Christmas Day, 2019 Sermon

Christmas Day Year A 2019
Kevin Gore, St. Andrew’s Mountain Home

In seminary, when you take your required core class on ‘The Gospels’, it’s generally titled, “The Synoptic Gospels” because they only cover Matthew, Mark, and Luke.  John is conspicuously absent, and quite frankly if you compare the prologues of those Gospels you can see why.  Last night we listened to Luke’s nativity, the one we I’m sure we can all practically recite by heart, “And it came to pass in those days, that there went out a decree from Caesar Augustus that all the world should be taxed.”  Now equally I would say that the prologue of John, traditionally recited at the end of every mass, is also quite memorable and easy to recite.  But what it doesn’t do is evoke for us the images of a cooing baby in a manger, of the shepherds and the angels and the little drummer boy.  Instead the author of the Gospel of John sets out to explain to us the cosmos, created and uncreated, the mystical origin of Christ as one of the three persons of the Trinity, the infinitude of Christ as the Word, the Logos, which has always been.  It’s really hard to make that the picture on the front of a Hallmark Christmas Card.

But John’s prologue is no less important than the other stories that begin the telling of the Good News of Jesus Christ.  In this Christmas season, when we are faced with the images of the baby Jesus, an important reminder of God as child, as baby, we must also remember that contained in that baby is the Christ, the Logos, the Word made flesh.  Though this is a child born of Judean parents, drawing it’s first breath surrounded by hay and animals and blood and sweat and tears, this is also the eternal Word, the bringer of order to chaos.  Aaron Klink writes, “The most central claim of the Christian faith, one that should scandalize us from time to time, is that God became incarnate, one of us, that we might know God’s nature and God’s love for us.”

This reading reminds us that Christ has always been; from the beginning this was the plan.  It reminds us that God always had this path set out.  God’s love and intention for humanity and for creation was always set this direction, not simply because of sin making its way into human nature.  So for us in this Christmas time, in awe of the wonder and majesty of the Word made Flesh…the Triune creator of the universe contained in this little baby, perhaps we ought to take a lesson from John the Baptist’s playbook.

The voice crying out in the wilderness is said to have come, “as a witness to testify to the light, so that all might believe through him.”  What is our job as followers of Jesus, if not to testify to the light, to the word, to Christ, so that all might believe?  That is what we do in proclaiming the Gospel, the good news.  In this time of Christmas, it seems to me there are so many ways we can point people back to that manger, to that light, to the Logos, through our words, and our actions, and even our attitudes.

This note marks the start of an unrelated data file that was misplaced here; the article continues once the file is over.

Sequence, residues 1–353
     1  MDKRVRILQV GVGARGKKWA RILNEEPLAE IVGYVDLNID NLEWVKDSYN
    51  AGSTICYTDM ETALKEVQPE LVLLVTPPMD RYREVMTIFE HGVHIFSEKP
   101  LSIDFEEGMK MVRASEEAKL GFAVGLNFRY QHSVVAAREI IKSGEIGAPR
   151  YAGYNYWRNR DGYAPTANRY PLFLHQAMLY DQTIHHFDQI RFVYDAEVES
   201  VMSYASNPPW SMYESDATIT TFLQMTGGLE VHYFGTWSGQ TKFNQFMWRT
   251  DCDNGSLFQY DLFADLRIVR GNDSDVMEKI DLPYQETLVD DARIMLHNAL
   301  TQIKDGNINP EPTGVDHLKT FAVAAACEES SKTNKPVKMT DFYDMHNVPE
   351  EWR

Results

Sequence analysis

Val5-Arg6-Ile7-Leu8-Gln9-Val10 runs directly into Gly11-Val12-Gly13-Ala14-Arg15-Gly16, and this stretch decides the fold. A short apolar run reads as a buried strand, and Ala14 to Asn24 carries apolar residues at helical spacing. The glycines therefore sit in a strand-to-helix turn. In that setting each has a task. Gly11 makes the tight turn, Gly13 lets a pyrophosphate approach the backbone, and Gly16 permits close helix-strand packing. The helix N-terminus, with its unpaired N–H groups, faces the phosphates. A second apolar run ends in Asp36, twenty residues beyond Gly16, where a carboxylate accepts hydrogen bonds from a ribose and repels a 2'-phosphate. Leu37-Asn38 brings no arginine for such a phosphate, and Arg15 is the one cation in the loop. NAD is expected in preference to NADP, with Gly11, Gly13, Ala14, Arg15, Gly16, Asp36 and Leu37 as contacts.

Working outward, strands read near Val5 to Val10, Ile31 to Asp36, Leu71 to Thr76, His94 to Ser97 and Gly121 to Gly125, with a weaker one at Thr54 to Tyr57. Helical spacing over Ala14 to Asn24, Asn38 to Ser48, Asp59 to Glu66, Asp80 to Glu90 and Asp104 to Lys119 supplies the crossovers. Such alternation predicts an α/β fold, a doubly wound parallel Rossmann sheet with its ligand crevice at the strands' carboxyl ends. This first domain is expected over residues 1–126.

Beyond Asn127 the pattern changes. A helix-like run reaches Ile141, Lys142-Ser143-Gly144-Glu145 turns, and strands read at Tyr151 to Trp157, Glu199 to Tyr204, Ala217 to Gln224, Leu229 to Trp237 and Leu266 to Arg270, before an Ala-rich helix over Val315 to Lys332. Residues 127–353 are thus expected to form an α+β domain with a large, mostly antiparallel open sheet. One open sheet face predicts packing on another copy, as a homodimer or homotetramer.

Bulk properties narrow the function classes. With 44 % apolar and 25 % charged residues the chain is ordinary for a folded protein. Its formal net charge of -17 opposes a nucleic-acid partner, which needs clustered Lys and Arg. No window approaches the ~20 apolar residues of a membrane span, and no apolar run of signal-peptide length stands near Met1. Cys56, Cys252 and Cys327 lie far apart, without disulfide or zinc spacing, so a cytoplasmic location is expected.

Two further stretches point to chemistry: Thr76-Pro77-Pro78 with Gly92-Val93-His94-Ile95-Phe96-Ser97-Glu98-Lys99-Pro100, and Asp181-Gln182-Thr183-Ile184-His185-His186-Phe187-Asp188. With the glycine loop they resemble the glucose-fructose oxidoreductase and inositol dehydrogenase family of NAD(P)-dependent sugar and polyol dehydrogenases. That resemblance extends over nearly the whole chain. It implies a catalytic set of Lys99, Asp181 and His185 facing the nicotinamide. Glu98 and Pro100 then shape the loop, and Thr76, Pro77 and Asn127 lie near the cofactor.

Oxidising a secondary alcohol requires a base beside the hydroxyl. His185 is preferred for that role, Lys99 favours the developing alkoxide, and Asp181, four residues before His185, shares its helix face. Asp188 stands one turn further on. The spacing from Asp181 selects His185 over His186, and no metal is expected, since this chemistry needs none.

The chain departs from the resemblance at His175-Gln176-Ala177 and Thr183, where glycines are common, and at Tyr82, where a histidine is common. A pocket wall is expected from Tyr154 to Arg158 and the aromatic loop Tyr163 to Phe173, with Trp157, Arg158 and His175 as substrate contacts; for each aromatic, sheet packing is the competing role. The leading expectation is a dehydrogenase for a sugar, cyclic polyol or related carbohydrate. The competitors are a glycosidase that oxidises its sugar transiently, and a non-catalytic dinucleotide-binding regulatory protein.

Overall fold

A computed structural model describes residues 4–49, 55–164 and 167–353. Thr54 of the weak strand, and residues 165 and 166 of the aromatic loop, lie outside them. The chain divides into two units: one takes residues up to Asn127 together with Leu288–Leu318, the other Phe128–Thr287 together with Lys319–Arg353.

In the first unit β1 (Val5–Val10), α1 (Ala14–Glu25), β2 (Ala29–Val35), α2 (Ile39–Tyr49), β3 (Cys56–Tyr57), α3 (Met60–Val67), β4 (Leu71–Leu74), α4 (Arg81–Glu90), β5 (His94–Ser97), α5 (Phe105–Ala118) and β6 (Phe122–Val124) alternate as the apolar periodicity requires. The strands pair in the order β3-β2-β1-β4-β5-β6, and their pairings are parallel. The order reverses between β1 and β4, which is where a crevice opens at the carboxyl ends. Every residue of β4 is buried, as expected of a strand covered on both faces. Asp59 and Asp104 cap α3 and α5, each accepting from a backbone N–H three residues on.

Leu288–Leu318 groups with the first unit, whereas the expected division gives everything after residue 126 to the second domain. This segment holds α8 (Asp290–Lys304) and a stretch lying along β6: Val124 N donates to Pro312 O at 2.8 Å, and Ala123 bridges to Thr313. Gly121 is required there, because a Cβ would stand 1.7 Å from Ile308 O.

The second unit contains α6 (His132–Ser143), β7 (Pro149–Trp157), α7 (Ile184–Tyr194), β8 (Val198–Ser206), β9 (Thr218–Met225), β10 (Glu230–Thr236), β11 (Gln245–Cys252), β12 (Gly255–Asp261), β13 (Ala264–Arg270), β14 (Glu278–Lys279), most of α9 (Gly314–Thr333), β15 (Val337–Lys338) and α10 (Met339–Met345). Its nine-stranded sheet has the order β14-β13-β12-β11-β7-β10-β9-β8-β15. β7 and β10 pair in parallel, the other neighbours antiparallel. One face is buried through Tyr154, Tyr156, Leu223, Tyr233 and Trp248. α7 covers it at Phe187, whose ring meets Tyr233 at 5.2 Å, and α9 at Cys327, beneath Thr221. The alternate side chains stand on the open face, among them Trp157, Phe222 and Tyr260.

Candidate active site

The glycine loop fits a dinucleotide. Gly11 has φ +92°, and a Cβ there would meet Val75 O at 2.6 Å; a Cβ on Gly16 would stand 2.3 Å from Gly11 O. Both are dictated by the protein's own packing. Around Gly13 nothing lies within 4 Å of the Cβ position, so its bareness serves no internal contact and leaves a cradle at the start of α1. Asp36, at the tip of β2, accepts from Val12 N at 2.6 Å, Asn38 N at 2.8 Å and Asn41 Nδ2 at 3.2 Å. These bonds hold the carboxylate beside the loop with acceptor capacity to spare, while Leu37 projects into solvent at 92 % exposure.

One of my favorite Christmas traditions is watching at least one version of Charles Dickens’ A Christmas Carol.  Amongst my top picks I would say are the 1988 film ‘Scrooged’ as a modern retelling for its brilliance and humor, and for accuracy to Dickens’ original text I actually always hail the 1992 release of ‘The Muppet Christmas Carol’ which includes a lot of lines from the book that you don’t always hear in many of the movies.

While I was watching that particular one just the other night, the speech that Scrooges’ nephew gives him in the office about Christmas really hit me.  In response to Scrooge telling his poor nephew Fred how terrible and ridiculous and scandalous Christmas is, Fred says, “I am sure I have always thought of Christmas time, when it has come round—apart from the veneration due to its sacred name and origin, if anything belonging to it can be apart from that—as a good time; a kind, forgiving, charitable, pleasant time; the only time I know of, in the long calendar of the year, when men and women seem by one consent to open their shut-up hearts freely, and to think of people below them as if they really were fellow-passengers to the grave, and not another race of creatures bound on other journeys. And therefore, uncle, though it has never put a scrap of gold or silver in my pocket, I believe that it has done me good, and will do me good; and I say, God bless it!”

That is exactly the sort of Christmas spirit that makes all the crazy running around, consumer culture, family stress, and general chaos pause for a minute.  It pushes it all aside and, like John the Baptist points back to the true Light of God’s love made manifest in the world.  Christmas is most certainly a time for celebration, for feasting, for spreading joy.  But it is all those things precisely because of what happened in that manger so long ago.  That God was born into this world in flesh and blood just like we are. 

So then, how do we find ways to tell people about this joy, to be like John the Baptist and point towards this source of truth and light?  Howard Thurman, a prolific theologian, author, and civil-rights leader wrote,”   

“When the song of the angels is stilled,
when the star in the sky is gone,
when the kings and princes are home,
when the shepherds are back with their flocks,
the work of Christmas begins:

to find the lost,
to heal the broken,
to feed the hungry,
to release the prisoner,
to rebuild the nations,
to bring peace among the people,
to make music in the heart.”

So as you leave this place today, with the proclamation of Christ’s birth on your lips, remember that this time especially is a time where we can point back to the Light of God’s Love made flesh in the world, and to begin the real work of Christmas.